Now Boarding at Gate Green…

illustration of green paper airline flying out of a forest

Airports must do more to be eco-friendly

As meeting profs, you probably spend more hours than you’d like in airports. They offer first impressions of the destination, good, bad and indifferent. They’re places to connect and recharge our online tethers, grab a bite and leave as soon as possible. But did you know they’re also living laboratories for our quest (and struggle) to end our carbon addiction and achieve net-zero carbon emissions to slow climate change?

A recent webinar sponsored by Reuters Events highlighted the range of activities—and challenges—of greening airports around the world. “Propelling Air Traffic into the Future: Fast-tracking Sustainability in Airports” looked at the present and future of airports from the perspective of those who spend their entire working lives thinking about how to make these transportation hubs work better and smarter for their aviation partners and for all of us who trace their endless corridors.

The aviation sector as a whole is responsible for 2.5% of all CO2 emissions. That might not seem like a lot, but until new technologies mature, jet planes will be particularly difficult to decarbonize. Coupled with industry forecasts for dramatic growth over the next 20 years, this could significantly increase its share of carbon emissions even as other industries are reducing theirs.

Webinar moderator Holly Miles, editor of International Airport Review, characterized the situation starkly: “Aviation is facing an existential crisis. That crisis is climate change. Quite simply, there is no future for aviation unless we can address this crisis.”

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Luis Felipe de Oliveira, director general of Airports Council International, says his members represent about three percent of total aviation carbon emissions, “but it’s still our responsibility to decarbonize ourselves and be enablers” for the rest of the industry. “We need to help the whole world achieve these very ambitious targets [and] duplicate the success of some of our airports across the entire world.” His organization represents 2,000 airports—96% of all air traffic—but only some 300 have so far signed on to the goal of reaching net-zero emissions by 2050 or before.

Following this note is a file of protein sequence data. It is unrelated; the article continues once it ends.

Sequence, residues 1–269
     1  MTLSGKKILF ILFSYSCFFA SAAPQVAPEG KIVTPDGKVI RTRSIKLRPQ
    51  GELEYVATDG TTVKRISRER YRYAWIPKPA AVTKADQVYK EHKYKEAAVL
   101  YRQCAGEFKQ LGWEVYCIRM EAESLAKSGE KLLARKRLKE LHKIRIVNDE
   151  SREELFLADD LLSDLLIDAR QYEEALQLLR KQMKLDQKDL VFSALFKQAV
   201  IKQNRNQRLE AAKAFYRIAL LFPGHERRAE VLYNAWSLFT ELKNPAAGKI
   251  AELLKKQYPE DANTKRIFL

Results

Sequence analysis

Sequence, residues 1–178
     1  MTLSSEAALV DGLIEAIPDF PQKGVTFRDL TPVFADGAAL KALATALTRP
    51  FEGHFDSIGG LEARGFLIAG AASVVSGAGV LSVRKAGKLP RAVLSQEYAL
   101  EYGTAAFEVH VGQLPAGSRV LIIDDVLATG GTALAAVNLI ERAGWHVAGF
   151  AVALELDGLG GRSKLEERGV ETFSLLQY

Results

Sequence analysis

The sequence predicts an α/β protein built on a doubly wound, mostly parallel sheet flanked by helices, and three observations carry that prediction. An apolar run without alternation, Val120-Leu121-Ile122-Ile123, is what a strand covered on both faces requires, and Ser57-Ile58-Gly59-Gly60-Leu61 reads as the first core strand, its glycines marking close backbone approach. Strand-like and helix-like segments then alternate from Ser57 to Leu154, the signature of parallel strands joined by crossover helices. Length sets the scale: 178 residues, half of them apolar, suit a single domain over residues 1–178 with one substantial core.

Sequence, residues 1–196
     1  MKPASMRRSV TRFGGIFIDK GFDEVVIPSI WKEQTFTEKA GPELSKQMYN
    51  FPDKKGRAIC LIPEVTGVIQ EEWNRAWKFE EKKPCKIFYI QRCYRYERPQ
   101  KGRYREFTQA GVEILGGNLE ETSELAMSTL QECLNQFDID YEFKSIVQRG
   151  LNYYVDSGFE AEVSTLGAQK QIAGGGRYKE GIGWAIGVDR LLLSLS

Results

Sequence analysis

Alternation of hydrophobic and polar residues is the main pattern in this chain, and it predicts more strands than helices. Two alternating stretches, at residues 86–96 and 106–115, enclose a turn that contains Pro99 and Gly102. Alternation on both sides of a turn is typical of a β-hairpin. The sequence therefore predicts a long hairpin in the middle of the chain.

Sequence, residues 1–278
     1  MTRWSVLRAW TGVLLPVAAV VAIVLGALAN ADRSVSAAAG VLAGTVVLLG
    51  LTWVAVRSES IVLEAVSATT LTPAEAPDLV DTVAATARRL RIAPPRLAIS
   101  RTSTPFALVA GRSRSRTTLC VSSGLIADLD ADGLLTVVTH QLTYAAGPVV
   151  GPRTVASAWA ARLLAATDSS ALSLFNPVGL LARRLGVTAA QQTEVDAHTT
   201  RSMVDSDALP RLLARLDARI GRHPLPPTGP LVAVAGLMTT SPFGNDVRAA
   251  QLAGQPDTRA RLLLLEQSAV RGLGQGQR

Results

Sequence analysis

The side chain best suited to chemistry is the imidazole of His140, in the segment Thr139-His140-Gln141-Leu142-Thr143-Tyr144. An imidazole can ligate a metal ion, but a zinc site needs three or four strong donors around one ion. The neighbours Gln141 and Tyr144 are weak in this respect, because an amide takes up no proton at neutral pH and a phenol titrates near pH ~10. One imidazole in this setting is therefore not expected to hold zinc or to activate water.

Successful Takeoffs

One poster child is Dallas Fort Worth International Airport (DFW), which was given a United Nations Climate Action award at COP26 in Glasgow last October as the first carbon-neutral airport in North America. DFW’s Robert Horton, its vice president of environmental sustainability, used that podium to pledge that his airport would meet its net-zero goal by 2030. To do so, measures he cites include shifting use of fuel for airport vehicles to natural gas recovered from local landfills, at a savings of $1 million a year.

“There is no future for aviation unless we address climate change.”

One of the most promising avenues for further improvements, Horton says, is digital transformation. “Science, big data and AI, they’re changing the way we see the world. We have a strategic partnership with the National Renewable Energy Lab under the Department of Energy. We’re creating a digital twin that helps us model from an integrated perspective the dynamics happening in the airport, allowing us to use machine learning to look at historical patterns and predict the future.”

Horton’s enthusiasm for big data was echoed by Tijen Cirig, senior director for airports at Honeywell Building Technologies. “Data-driven efficiencies” using “sensor technology” can now optimize lighting, heating and cooling systems by monitoring things like passenger flow through the terminals. From San Diego to Stuttgart, there’s a lot of sharing of best practices in “holistic and integrated energy management” going on, she says.

New technology is also being used to optimize efficiency on the taxiways to reduce fuel usage before takeoff and after landing.

Ambitious Goals Need You on Board

Ersin Inankul, chief digital and commercial officer at massive New Istanbul Airport (IST), warns that sea rise will be a big issue for many coastal airports. Projects he’s overseeing in Istanbul include adapting infrastructure to allow phasing in of alternative aviation fuels, including electricity, using hydrogen for heating, collecting rainwater for landscape irrigation (thereby reducing overall water usage by nearly a third), and amping up recycling in pursuit of a goal of 90% of all waste by 2030.

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With 65,000 employees at his airport, Inankul also has the big job of coaching them to support sustainability practices and goals.

As Horton puts it, “A lot of what we do in sustainability is about connecting dots. We spend a lot of time studying the airport and all the players at the airport, including passengers, and teaching them about how their actions can have a positive and negative impact upon our ability to achieve ambitious goals.”

This article appears in the July 2022 issue. You can subscribe to the magazine here.

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